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Hunter Researchers Develop Molecular Code for Melanin-like Materials for Skin & Hair Care

Published on 2017-06-16. Author : SpecialChem

Hunter college-led scientists develop molecular code for melanin-like materials. A study led by Einstein Professor of Chemistry Rein V. Ulijn shows an exciting new approach for making substances with the properties of melanin, a compound that scientists have been unable to effectively synthesize in the lab.

Hunter Researchers Develop Molecular Code for Melanin-like Materials for Skin & Hair Care
Hunter Researchers Develop Molecular Code for Melanin-like
Materials for Skin & Hair Care

Melanin Pigment for UV Protection


Melanin’s disordered molecular structure makes it impossible to fully replicate, which has been scientifically frustrating; it has numerous useful qualities that scientists have long tried to harness. Melanin gives the color to skin, hair, and eyes – but it also absorbs light, providing UV-protection and energy storage.

Now, with this new process to create melanin-like substances, scientists can harness these usefulness, while maintaining control over the ways the pigments and properties express themselves. This innovative discovery could enable the development of a new range of cosmetic, skin care, and biomedical products, and the commercialization opportunities may lead to near-term possibilities for the researchers.

Director of the Nanoscience Initiative at the Advanced Science Research Center (ASRC) at the Graduate Center, CUNY, Professor Ulijn said:

“We took advantage of simple versions of proteins—tripeptides, consisting of just three amino acids—to produce a range of molecular architectures with precisely controlled levels of order and disorder. We were amazed to see that, upon oxidation of these peptide structures, polymeric pigments with a range of colors—from light beige to deep brown- were formed.”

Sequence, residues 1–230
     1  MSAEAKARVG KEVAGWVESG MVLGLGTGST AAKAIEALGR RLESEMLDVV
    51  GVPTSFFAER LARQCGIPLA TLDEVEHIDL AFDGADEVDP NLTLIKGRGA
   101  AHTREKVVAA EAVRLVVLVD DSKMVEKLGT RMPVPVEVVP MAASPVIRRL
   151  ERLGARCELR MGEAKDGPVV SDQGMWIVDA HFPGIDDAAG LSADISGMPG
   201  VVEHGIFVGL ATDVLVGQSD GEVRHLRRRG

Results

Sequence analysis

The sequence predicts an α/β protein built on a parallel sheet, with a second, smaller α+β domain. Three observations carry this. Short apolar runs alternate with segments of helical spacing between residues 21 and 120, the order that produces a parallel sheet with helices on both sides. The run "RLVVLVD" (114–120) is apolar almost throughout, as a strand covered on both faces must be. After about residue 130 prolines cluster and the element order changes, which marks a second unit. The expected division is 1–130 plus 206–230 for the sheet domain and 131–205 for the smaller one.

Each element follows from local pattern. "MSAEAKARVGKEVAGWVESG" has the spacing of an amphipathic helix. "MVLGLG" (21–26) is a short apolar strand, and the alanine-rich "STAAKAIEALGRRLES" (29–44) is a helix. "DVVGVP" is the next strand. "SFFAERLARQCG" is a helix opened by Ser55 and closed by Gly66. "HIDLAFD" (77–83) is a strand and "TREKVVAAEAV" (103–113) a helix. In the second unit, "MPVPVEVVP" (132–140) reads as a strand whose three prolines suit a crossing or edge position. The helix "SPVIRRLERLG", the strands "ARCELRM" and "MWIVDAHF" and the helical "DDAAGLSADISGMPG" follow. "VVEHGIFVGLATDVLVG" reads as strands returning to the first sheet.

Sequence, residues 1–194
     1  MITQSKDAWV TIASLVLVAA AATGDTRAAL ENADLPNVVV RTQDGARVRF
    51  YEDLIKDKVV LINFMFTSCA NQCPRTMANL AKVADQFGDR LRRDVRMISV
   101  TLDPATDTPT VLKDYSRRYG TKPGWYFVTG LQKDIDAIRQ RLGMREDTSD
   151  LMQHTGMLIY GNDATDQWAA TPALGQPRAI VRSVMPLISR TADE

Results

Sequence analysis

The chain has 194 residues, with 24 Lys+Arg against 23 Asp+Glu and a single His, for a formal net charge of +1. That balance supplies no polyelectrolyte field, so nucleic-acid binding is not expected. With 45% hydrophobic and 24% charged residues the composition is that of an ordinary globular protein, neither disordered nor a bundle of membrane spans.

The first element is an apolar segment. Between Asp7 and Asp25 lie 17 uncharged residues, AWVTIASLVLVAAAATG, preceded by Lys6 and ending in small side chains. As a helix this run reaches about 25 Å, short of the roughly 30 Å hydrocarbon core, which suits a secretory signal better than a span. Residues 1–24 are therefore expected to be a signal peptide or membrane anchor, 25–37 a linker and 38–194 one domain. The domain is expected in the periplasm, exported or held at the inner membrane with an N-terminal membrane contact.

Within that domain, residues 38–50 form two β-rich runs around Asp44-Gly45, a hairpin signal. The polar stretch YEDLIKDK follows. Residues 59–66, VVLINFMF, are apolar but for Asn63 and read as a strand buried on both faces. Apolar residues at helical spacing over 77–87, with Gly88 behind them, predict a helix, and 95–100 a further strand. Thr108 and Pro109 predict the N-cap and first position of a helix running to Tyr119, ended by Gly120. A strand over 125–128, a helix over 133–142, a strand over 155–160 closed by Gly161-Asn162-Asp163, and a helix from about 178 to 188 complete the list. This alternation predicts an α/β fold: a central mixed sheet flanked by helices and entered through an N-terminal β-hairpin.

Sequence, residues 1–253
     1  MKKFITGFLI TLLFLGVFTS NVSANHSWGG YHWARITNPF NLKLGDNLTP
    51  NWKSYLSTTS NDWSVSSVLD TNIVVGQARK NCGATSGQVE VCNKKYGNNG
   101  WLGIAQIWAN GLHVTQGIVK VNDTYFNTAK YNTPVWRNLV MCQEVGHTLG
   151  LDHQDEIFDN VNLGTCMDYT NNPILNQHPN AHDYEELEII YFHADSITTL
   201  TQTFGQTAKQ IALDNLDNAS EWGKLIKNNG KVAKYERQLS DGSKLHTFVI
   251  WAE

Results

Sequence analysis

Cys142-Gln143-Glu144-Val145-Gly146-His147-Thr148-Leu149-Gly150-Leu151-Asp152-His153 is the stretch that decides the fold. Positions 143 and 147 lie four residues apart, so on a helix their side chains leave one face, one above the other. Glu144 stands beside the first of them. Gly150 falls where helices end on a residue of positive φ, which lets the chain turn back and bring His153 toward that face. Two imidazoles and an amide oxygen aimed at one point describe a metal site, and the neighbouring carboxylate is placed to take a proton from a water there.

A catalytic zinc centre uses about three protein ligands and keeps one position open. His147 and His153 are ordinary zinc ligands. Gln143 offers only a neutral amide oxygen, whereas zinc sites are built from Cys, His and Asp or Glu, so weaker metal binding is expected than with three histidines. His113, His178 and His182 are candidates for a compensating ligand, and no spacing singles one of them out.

Chemical Structure & Functionalities


Subsequent, in-depth characterization of the approach demonstrated that further properties, such as UV absorbance and nanoscale morphology of the melanin-like materials, could also be systematically controlled by the amino acid sequence of the tripeptide.

The findings published in Science build on Professor Ulijn’s previous research. His lab will now turn its attention to further clarifying the chemical structures that form and expanding the resulting functionalities and properties of the various melanin-like materials they produce.

President of Hunter College, Jennifer J. Raab said:

“We are very proud of Professor Ulijin’s work. Our students are fortunate to learn from a scientist on the cutting edge of such impactful advances, and we anticipate broad implications of this and future discoveries.”

In addition to Professor Ulijn, the research team also included Hunter Professors Steven G. Greenbaum, Sunita Humagain , and Barney Yoo; Ayala Limpel, Scott A. McPhee, Tai-De Li and Rinat R. Abzalimov of the ASRC; Christopher Bettinger and Hang-Ah Park, Carnegie Mellon University; Tell Tuttle and Gary G. Scott, University of Strathclyde; Doeke R. Hekstra, Harvard University; Pim W.J.M. Frederix, University of Groningen, The Netherlands; and Chunhua Hu, New York University.

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Source: Hunter College
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